There is a growing narrative emerging which places the importance of local community right back at the heart of daily life. Many too are recognising that hospitality can play such a major role within communities and the skill being most sought are those with empathy for both the customer and for their communities.
It is almost old school hospitality which places people and communities first and brand second. It is not a coincidence that companies creating boutique local offers are popular.
Is it a coincidence that France is the most visited country in the world? Are people attracted by its traditions and customs; in the way that they have remained loyal to these? The real roots of French Gastronomy lies in regional and local cooking. It has never been a trend or fashion: it is something real, genuine, authentic and each area is proud of their regional cooking and wine. It lies within the soul of each region.
The desire of many today is that there is greater collaboration and care across society; that a hotel or restaurant does not sit as a silo but plays a role for the broader community. Hotels and restaurants have a major social role to play. They can be community leaders, and this is good for business as it naturally builds strength through local advocacy and support.
There is a school of thought which argues that we will see a natural shift back to the ways that many old school hoteliers would interact and play a central role in their communities and which arguably was eroded by the pressures of the modern era.
Today’s travellers and customers are looking for something deeper, for more genuine, authentic experiences that do connect them to the culture and community that they are visiting.
One of the questions which is frequently asked is whether many resorts and major hotels have understood the real role that they can and should play in representing the historical story and culture of a community? Today’s travellers and customers are looking for something deeper, for more genuine, authentic experiences that do connect them to the culture and community that they are visiting. Hotels can be the stage which tells the story and showcase local customs which in turn, of course, supports the economics of many local communities. A real bond can be found once again between communities and hotels. Both can support the other. Both can represent one another.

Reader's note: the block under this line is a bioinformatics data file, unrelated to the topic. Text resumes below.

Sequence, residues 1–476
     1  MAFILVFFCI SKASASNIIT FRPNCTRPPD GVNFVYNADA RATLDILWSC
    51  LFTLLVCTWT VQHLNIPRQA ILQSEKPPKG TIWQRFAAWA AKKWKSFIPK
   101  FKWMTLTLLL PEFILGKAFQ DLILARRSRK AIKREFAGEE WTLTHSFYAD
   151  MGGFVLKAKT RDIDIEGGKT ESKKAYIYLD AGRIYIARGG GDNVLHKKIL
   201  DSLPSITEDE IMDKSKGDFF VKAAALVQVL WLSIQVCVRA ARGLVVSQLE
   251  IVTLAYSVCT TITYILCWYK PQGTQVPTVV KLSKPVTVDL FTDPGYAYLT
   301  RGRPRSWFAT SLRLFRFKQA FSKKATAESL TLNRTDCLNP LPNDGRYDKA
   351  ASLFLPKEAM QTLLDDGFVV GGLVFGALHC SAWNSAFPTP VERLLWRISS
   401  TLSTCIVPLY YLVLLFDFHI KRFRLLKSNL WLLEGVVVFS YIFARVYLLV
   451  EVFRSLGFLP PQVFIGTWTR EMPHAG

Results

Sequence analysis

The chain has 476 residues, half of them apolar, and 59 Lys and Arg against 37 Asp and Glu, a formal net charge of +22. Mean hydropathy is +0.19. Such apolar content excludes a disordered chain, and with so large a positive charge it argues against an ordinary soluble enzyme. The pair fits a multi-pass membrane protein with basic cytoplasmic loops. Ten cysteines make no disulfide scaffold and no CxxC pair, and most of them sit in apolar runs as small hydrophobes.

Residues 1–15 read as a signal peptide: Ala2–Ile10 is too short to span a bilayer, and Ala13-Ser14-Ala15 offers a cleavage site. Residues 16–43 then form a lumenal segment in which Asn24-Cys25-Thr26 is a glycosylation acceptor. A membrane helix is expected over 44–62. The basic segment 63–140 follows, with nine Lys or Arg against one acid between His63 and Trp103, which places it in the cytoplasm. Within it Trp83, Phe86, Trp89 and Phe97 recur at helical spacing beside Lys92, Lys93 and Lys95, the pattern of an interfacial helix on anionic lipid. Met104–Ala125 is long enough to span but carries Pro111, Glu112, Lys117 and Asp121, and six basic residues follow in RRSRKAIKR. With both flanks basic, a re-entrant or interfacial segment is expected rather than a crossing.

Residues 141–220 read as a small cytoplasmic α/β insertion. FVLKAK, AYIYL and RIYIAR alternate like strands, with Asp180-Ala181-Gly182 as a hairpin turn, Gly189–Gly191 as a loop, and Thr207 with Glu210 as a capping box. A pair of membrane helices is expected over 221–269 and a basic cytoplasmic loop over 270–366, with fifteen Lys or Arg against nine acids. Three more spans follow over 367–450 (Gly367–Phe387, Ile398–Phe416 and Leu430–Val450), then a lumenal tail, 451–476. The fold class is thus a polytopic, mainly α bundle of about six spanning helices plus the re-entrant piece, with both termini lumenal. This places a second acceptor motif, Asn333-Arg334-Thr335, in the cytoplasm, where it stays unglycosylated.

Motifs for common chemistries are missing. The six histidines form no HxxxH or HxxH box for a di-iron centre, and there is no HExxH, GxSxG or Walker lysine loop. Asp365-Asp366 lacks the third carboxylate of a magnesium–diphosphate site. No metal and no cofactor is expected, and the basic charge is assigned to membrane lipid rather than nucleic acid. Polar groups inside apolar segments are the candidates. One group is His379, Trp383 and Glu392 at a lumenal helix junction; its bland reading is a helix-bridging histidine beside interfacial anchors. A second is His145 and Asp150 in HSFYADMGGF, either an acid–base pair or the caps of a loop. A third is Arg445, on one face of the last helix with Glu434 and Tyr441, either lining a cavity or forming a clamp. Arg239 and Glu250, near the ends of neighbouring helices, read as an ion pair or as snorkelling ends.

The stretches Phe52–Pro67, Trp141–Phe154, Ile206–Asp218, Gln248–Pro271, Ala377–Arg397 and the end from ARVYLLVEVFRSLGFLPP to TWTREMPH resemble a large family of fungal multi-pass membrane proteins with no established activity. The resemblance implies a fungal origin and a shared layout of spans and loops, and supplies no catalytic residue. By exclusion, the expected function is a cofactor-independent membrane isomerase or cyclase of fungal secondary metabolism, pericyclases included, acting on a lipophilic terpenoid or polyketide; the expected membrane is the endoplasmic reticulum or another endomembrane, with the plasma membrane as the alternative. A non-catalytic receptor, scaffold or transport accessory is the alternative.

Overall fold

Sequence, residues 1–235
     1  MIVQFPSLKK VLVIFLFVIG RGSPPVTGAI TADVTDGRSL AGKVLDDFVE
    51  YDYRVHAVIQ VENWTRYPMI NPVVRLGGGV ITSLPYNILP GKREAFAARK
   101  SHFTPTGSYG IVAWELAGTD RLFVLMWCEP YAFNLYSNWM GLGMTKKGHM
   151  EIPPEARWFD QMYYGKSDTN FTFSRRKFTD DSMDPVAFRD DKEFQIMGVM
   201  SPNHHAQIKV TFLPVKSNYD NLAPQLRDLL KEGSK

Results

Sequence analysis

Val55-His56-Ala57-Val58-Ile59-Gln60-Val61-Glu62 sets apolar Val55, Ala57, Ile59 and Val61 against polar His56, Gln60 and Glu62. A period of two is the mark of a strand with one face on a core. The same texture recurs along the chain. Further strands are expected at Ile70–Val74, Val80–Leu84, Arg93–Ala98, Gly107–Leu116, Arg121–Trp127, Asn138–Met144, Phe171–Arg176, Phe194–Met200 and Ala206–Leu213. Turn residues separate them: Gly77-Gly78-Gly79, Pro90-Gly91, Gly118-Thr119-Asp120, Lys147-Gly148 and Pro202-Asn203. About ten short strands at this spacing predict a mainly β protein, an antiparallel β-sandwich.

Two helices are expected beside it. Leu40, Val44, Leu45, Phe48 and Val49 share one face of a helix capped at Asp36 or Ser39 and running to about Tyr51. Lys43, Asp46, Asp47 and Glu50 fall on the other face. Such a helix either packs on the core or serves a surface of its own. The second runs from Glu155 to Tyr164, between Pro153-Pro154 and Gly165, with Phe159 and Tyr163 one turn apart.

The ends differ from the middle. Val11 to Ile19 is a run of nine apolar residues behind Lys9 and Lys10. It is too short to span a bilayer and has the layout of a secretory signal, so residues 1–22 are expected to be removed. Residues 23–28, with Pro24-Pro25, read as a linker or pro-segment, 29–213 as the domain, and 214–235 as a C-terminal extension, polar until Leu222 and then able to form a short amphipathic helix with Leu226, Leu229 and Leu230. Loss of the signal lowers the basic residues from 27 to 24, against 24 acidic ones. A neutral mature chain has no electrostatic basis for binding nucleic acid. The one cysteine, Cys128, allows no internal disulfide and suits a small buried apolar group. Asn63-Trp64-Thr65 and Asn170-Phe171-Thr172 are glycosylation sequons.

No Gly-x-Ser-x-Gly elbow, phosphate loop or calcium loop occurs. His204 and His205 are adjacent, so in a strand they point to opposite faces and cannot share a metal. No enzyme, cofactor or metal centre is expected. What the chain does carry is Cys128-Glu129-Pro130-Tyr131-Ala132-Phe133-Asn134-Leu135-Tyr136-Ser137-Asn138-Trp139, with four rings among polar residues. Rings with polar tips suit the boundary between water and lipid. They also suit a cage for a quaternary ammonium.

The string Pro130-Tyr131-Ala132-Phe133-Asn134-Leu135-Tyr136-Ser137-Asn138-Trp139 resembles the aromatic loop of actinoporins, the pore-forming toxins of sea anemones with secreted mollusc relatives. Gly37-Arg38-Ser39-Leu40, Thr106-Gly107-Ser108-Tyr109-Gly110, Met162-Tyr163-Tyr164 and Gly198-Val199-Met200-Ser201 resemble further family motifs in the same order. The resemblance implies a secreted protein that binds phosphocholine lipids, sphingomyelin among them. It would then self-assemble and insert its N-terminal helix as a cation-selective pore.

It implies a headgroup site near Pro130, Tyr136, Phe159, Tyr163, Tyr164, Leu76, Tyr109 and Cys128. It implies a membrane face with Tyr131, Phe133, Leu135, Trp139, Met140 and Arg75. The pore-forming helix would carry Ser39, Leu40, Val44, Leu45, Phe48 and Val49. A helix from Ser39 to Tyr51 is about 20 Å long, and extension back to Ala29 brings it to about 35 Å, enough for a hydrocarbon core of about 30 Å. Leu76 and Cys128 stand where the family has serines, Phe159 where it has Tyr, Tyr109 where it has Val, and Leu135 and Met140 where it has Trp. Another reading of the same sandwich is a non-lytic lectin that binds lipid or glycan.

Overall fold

And service sits right at the heart.
What is it that really makes a difference in how any customer feels towards a hotel or any given service they receive? What is it that builds loyalty and trust?
Businesses, across all disciplines, are suddenly working harder to once again build a personal and stronger relationship with their customers. There has been a realisation just how many have been left frustrated and agitated by call centres and automated services.
One of the growing discussions has been that investment in service is not a cost but support of the asset, that too often investment in service is seen to be a cost rather than part of an economic purpose to exceed a customer’s expectations and build loyalty.